On June 30, 2017, the Ontario Court of Appeal dismissed an appeal filed by Iran (the Iranian Ministry of Information and Security, The Islamic Republic of Iran and The Iranian Revolutionary Guard Corp.) paving the way for enforcement of foreign judgments by victims of terrorism. If the terrorist or sponsor of terrorism has assets in Canada, the victims can use the Canadian legal system to collect damages awarded outside Canada.
In Tracy v. Iran (Information and Security), 2017 ON 549, the Ontario Court of Appeal upheld a US$1.7-billion judgment against Iran in favour of American victims of terrorism. In the decision, it is made clear, that the Justice for Victims of Terrorism Act has teeth. The purpose of the Justice of Victims of Terrorism Act is to deter terrorism by establishing a cause of action that allows victims of terrorism to sue perpetrators of terrorism and their supporters. Subsection 4(1) of the Justice for Victims of Terrorism Act provides for enforcement in Canadian courts:
“Any person that has suffered loss or damage in or outside Canada on or after January 1, 1985 as a result of an act or omission that is, or had it been committed in Canada would be, punishable under Part II.1 of the Criminal Code, may, in any court of competent jurisdiction, bring an action to recover an amount equal to the loss or damage proved to have been suffered by the person and obtain any additional amount that the court may allow, from any of the following:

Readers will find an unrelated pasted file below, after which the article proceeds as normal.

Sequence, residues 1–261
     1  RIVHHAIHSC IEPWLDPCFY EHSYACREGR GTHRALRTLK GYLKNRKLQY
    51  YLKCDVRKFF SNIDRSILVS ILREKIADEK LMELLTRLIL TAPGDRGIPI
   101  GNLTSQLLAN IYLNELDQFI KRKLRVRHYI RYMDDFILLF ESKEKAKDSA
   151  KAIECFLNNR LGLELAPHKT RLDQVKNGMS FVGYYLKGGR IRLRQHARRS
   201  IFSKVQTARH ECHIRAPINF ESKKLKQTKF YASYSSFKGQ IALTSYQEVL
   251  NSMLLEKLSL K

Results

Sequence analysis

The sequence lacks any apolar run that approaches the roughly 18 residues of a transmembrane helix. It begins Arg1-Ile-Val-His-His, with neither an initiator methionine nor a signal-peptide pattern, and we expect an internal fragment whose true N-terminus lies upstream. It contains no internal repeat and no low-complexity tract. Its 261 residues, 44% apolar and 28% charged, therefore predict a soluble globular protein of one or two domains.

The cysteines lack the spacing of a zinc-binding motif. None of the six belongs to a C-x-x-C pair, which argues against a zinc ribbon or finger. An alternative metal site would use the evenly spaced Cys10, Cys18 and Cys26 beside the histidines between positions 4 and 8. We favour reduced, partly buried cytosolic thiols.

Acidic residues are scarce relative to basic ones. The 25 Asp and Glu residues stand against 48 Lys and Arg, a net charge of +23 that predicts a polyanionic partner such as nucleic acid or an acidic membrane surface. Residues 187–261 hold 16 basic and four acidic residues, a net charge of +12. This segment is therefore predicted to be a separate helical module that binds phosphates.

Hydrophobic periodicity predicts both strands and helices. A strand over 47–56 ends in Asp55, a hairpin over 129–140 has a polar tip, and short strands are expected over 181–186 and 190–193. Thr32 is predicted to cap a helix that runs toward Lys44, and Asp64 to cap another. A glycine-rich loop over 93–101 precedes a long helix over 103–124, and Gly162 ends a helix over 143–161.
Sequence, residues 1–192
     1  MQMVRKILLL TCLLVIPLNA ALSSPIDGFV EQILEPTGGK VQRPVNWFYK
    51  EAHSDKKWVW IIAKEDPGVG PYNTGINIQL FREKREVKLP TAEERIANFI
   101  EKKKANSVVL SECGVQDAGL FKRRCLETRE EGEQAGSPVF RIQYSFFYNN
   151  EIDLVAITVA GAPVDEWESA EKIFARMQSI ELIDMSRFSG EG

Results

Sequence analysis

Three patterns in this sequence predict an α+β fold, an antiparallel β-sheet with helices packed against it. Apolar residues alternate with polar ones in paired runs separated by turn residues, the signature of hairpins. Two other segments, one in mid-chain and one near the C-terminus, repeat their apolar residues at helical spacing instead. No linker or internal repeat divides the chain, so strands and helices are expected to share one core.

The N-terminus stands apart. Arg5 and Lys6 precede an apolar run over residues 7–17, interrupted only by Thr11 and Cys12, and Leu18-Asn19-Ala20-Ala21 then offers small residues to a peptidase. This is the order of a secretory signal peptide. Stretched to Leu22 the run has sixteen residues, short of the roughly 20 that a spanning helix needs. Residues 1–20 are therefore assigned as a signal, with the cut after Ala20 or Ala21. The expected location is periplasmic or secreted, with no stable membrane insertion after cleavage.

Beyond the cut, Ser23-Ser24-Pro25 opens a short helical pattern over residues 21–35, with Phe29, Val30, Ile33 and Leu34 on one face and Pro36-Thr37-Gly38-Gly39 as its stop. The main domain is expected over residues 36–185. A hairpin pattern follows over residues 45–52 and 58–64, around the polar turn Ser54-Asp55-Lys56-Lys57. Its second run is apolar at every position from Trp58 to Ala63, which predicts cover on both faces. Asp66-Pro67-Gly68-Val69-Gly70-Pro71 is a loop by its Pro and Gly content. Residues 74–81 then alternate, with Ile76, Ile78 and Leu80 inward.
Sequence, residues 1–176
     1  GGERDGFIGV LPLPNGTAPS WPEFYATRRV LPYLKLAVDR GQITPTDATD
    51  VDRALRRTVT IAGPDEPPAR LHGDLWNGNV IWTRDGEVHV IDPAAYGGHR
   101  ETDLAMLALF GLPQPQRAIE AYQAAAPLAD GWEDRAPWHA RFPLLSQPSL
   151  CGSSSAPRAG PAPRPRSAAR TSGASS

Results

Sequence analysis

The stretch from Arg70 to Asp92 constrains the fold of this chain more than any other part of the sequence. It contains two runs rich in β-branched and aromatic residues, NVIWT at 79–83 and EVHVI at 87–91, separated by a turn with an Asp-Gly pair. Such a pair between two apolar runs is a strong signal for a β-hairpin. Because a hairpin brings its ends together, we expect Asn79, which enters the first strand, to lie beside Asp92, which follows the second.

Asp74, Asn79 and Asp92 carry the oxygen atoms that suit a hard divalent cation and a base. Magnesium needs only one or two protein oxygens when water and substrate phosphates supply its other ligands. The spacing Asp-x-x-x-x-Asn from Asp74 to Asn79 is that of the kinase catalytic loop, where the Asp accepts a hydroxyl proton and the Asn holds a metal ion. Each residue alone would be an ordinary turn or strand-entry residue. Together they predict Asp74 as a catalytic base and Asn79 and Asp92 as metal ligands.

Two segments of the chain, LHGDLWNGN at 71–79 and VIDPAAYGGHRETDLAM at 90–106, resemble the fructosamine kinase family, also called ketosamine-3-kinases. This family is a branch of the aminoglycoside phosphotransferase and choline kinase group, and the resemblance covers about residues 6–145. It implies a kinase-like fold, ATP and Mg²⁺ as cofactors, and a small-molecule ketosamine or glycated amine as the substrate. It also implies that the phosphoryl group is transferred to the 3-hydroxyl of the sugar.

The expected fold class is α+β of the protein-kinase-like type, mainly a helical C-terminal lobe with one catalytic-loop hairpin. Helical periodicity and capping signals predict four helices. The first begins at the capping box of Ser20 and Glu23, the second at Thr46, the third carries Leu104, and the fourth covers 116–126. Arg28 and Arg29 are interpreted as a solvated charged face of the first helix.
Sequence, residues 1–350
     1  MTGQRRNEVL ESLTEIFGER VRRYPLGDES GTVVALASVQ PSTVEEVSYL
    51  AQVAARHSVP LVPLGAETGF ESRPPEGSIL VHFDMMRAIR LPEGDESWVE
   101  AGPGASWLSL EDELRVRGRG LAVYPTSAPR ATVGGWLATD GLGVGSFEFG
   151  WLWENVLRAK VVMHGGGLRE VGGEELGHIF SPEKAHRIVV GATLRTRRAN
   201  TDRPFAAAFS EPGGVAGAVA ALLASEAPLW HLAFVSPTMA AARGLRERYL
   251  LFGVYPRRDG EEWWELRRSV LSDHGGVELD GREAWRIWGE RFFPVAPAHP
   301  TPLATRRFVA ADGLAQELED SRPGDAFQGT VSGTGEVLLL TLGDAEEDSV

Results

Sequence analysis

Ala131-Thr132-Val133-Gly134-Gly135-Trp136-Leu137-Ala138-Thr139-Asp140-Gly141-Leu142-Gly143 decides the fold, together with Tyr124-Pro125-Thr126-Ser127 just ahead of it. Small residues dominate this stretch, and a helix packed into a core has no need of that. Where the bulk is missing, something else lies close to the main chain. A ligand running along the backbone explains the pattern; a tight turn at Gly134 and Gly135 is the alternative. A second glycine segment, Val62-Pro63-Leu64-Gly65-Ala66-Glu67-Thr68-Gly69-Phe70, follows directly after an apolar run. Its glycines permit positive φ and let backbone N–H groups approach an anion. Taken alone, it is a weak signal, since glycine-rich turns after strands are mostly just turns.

(a) any listed entity, or foreign state whose immunity is lifted under section 6.1 of the State Immunity Act, or other person that committed the act or omission that resulted in the loss or damage; or
(b) a foreign state whose immunity is lifted under section 6.1 of the State Immunity Act, or listed entity or other person that — for the benefit of or otherwise in relation to the listed entity referred to in paragraph (a) — committed an act or omission that is, or had it been committed in Canada would be, punishable under any of sections 83.02 to 83.04 and 83.18 to 83.23 of the Criminal Code.”
This provision is restricted by subsection 4(2) of the Justice of Victims of Terrorism Act, which requires that (1) the action has a real and (2) [the plaintiff has a] substantial connection to Canada or the plaintiff is a Canadian citizen or a permanent resident. The defendant is presumed to have committed the actions that led to the foreign judgement (the damages do not need to be proved again in a Canadian court). The court may refuse to hear a claim against a foreign state under subsection (1) if the loss or damage to the plaintiff occurred in the foreign state and the plaintiff has not given the foreign state a reasonable opportunity to submit the dispute to arbitration in accordance with accepted international rules of arbitration.
The Travy v. Iran case is likely not over. It is expected that Iran will file an appeal with Canada’s Supreme Court.